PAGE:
About 40,000 light-years across, pretty, irregular galaxy NGC 3239 lies near the center of this lovely field of galaxies in the galaxy rich constellation Leo. At a distance of only 25 million light-years it dominates the frame, sporting a peculiar arrangement of structures, young blue star clusters and star forming regions, suggesting that NGC 3239 (aka Arp 263) is the result of a galaxy merger. Appearing nearly on top of the pretty galaxy is a bright, spiky, foreground star, a nearby member of our own Milky Way galaxy almost directly along our line-of-sight to NGC 3239. Still, NGC 3239 is notable for hosting this year's first confirmed supernova, designated SN 2012A. It was discovered early this month by supernova hunters Bob Moore, Jack Newton, and Tim Puckett. Indicated in a cropped version of the wider image, SN 2012A is just below and right of the bright foreground star. Of course, based on the light-travel time to NGC 3239, the supernova explosion itself occurred 25 million years ago, triggered by the core collapse of a massive star.
M78 isn't really hiding in planet Earth's night sky. About 1,600 light-years away and nestled in the nebula rich constellation Orion, the large, bright, reflection nebula is well-known to telescopic skygazers. But this gorgeous image of M78 was selected as the winner of the Hidden Treasures 2010 astrophotography competition. Held by the European Southern Observatory (ESO), the competition challenged amateur astronomers to process data from ESO's astronomical archive in search of cosmic gems. The winning entry shows off amazing details within bluish M78 (center) embraced in dark, dusty clouds, along with a smaller reflection nebula in the region, NGC 2071 (top). Yellowish and even more compact, the recently discovered, variable McNeil's Nebula is prominent in the scene below and right of center. Based on data from ESO's WFI camera and 2.2 meter telescope at La Silla, Chile, this image spans just over 0.5 degrees on the sky. That corresponds to 15 light-years at the estimated distance of M78.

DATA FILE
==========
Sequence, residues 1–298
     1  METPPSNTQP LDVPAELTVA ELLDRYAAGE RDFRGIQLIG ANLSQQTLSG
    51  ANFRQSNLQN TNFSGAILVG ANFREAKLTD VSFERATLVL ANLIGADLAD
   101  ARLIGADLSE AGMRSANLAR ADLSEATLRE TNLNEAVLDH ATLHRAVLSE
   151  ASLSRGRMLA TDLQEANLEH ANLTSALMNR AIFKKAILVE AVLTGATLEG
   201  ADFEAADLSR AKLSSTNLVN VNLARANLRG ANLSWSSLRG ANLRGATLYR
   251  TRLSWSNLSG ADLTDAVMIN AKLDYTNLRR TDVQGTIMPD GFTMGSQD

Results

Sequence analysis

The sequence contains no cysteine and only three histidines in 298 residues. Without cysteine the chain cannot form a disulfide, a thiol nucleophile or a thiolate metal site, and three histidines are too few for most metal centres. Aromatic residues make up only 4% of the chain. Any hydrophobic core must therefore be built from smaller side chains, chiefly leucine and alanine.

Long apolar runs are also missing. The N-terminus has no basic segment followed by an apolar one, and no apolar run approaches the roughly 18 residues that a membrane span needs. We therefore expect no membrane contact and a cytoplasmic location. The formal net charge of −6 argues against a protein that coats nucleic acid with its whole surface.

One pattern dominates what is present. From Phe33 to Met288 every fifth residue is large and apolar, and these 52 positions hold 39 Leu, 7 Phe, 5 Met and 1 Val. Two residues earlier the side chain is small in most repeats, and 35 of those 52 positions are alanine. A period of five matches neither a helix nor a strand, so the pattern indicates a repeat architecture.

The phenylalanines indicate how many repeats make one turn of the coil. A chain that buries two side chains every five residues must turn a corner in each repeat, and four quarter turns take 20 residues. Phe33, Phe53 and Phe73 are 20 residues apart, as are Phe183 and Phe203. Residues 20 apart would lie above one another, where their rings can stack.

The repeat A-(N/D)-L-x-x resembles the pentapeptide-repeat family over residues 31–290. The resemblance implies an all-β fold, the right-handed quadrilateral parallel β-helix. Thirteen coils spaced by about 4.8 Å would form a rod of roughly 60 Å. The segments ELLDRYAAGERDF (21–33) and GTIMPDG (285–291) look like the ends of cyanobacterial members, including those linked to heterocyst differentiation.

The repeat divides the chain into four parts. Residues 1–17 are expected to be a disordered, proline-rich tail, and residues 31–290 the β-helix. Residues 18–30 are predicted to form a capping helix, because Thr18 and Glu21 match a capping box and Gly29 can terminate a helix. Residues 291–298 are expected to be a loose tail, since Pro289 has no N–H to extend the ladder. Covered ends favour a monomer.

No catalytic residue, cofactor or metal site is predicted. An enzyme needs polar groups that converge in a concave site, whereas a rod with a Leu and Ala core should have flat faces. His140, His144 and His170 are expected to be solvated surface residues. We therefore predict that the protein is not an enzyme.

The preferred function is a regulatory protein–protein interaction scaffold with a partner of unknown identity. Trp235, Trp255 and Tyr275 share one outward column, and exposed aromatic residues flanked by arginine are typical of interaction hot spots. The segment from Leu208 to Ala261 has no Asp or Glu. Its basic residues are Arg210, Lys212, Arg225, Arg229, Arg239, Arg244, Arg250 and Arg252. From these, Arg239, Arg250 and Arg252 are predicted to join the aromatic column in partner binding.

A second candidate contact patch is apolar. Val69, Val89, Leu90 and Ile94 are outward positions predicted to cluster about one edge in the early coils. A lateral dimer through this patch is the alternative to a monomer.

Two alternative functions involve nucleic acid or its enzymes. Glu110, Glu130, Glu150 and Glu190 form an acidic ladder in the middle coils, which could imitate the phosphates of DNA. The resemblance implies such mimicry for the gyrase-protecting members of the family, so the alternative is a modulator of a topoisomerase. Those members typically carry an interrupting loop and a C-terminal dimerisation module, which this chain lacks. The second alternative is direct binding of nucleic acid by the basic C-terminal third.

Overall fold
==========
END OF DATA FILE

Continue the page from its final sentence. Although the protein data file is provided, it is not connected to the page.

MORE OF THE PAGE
What's that behind Titan? It's another of Saturn's moons: Tethys. The robotic Cassini spacecraft orbiting Saturn captured the heavily cratered Tethys slipping behind Saturn's atmosphere-shrouded Titan late last year. The largest crater on Tethys, Odysseus, is easily visible on the distant moon. Titan shows not only its thick and opaque orange lower atmosphere, but also an unusual upper layer of blue-tinted haze. Tethys, at about 2 million kilometers distant, was twice as far from Cassini as was Titan when the above image was taken. In 2004, Cassini released the Hyugens probe which landed on Titan and provided humanity's first views of the surface of the Solar System's only known lake-bearing moon.